In This Greek Crisis, Heads Bankers Win, Tails Bankers Win
Greece’s technocratic government is in the middle of tense negotiations with private sector creditors over the nation’s debts. The dynamics of these negotiations are fairly straight forward. Most private sector creditors want to see the debt Greece owes them restructured by no more than fifty percent as was originally designed at an EU summit back in October. They also want more profitable interest rates on the debt Greece owes them.
There’s also a segment of investors who want to frustrate the Greek government to the point it defaults. Some investors have bought insurance on Greek debt so that if Greece does default, these investors are rewarded quite well. This fact emboldens the private sector creditors to resist the position held by Greek and international officials who want to see Greece’s debt burden reduced much more significantly. This resistance by private sector creditors is now paying off with the Telegraph reporting that Greece will yield to the private sector’s demands.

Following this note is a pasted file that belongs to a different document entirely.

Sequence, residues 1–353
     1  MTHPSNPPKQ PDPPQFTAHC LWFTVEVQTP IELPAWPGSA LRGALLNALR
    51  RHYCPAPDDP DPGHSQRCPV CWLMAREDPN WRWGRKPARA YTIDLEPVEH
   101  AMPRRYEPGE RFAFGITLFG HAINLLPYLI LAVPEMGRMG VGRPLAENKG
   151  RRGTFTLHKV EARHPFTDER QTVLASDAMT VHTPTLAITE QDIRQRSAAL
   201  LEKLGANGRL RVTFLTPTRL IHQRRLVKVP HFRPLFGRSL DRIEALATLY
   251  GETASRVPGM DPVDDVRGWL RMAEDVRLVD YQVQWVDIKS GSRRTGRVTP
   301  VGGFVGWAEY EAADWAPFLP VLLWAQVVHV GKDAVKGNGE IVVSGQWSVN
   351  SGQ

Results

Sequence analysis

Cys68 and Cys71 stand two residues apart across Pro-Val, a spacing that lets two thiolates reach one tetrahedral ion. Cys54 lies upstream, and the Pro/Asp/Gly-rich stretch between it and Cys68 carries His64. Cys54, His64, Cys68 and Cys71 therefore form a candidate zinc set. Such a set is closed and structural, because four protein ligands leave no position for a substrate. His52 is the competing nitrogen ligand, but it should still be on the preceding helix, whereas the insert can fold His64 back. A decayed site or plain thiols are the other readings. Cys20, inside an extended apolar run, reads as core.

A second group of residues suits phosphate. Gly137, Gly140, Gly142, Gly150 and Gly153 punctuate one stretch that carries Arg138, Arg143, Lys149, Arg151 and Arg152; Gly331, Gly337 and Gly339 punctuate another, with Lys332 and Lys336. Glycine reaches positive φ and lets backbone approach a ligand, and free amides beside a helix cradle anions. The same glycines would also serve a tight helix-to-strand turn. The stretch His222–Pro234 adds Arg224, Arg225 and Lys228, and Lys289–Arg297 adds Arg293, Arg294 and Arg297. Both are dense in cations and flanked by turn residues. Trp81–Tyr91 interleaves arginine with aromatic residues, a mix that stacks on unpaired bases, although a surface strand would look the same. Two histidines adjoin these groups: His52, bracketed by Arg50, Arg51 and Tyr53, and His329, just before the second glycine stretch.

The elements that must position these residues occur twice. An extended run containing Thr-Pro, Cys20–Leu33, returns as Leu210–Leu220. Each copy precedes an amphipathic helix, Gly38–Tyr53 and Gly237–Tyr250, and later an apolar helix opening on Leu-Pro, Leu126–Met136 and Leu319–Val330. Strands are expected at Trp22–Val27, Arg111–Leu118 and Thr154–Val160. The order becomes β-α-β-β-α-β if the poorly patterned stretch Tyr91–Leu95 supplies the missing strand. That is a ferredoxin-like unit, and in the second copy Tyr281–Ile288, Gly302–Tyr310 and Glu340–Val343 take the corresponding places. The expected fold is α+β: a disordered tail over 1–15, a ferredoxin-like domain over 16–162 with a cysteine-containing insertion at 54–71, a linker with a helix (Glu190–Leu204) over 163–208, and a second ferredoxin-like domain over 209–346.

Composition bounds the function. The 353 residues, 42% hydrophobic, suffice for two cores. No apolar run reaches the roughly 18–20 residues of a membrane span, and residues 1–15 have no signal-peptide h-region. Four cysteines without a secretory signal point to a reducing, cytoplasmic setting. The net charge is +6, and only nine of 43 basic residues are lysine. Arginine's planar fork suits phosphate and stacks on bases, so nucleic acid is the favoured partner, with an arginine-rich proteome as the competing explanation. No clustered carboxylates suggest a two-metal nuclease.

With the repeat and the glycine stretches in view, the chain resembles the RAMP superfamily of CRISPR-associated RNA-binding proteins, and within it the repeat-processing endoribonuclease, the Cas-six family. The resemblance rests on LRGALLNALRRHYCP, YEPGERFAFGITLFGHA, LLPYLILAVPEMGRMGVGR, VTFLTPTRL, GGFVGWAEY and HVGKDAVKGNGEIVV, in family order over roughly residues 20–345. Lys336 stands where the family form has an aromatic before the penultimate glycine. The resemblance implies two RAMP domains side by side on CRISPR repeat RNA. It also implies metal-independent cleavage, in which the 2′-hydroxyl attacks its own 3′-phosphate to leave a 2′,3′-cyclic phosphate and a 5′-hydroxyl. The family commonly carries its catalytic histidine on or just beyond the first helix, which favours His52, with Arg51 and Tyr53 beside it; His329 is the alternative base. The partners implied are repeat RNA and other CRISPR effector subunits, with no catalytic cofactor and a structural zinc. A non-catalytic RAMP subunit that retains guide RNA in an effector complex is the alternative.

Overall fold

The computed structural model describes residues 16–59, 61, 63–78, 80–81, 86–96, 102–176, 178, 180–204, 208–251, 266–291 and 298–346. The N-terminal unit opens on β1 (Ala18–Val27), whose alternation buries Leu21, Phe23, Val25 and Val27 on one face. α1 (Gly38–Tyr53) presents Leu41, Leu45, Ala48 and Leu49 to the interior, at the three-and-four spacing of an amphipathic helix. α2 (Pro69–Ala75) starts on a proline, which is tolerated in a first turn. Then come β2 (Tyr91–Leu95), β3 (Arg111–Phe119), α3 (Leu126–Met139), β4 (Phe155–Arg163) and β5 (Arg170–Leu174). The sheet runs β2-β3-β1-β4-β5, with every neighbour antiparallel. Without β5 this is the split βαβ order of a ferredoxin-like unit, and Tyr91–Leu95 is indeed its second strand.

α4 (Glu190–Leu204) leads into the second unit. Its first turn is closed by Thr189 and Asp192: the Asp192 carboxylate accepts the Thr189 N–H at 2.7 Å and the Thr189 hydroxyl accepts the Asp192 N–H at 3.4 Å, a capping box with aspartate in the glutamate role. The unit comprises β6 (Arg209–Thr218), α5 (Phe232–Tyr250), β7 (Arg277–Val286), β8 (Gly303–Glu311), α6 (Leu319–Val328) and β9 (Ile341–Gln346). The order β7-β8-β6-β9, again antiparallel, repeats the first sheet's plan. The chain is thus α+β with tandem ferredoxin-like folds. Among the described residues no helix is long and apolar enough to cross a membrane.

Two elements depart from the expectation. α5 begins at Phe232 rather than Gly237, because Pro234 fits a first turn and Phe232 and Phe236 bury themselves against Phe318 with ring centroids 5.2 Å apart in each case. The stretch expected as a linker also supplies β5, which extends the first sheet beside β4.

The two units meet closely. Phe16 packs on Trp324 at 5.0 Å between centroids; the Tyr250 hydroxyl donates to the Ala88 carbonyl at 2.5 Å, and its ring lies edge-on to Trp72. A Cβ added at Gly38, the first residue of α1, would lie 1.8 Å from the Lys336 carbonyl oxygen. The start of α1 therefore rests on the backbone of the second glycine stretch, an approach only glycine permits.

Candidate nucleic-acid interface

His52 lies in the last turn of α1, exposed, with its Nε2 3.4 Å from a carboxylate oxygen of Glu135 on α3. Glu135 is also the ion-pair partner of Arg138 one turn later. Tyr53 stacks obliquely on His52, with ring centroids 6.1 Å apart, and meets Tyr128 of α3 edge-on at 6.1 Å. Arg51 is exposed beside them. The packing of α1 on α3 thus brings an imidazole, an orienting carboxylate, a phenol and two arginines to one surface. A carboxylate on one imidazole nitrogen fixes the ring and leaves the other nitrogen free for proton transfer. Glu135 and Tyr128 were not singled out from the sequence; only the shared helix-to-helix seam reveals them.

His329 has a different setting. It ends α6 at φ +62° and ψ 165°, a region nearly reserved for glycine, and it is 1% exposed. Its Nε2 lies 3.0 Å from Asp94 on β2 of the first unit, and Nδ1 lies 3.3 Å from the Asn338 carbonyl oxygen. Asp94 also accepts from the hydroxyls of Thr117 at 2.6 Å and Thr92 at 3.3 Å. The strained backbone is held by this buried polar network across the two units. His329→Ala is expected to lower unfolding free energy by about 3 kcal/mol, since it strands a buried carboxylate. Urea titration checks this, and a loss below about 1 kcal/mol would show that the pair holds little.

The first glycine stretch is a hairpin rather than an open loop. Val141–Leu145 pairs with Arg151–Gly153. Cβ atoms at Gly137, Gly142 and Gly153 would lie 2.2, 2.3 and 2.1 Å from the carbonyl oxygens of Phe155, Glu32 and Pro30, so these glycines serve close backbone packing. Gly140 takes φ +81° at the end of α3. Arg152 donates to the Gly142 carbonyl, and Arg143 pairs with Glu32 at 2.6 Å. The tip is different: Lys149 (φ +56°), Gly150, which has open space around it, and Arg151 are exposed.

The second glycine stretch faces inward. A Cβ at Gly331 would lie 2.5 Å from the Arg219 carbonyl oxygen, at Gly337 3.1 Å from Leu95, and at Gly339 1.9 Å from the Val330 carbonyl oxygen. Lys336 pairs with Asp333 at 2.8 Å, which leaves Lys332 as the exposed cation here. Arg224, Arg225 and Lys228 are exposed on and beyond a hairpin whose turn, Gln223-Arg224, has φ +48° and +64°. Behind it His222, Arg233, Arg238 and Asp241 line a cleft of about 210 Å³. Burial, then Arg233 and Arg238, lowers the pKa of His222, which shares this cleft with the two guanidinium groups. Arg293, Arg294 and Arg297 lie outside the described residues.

The bankers successfully gamed the system once again. They will receive new Greek bonds with yields higher than what Greece or the EU wanted. It was either this or Greece defaults and triggers those insurance contracts which would have paid many of the same investors who will receive these new Greek bonds.
The outrageous situation was best explained by Nick Dearden, of the Jubilee Debt Campaign which has been fighting these predatory investors when they were only targeting African nations, not a European country like Greece:
“The Greek economy has been destroyed and it is shocking to see the vultures diving in for the remaining pickings. It is imperative for the whole world that Greece and other debt-laden countries demand and receive broad debt cancellation, combined with strict regulations on the activities of vultures.”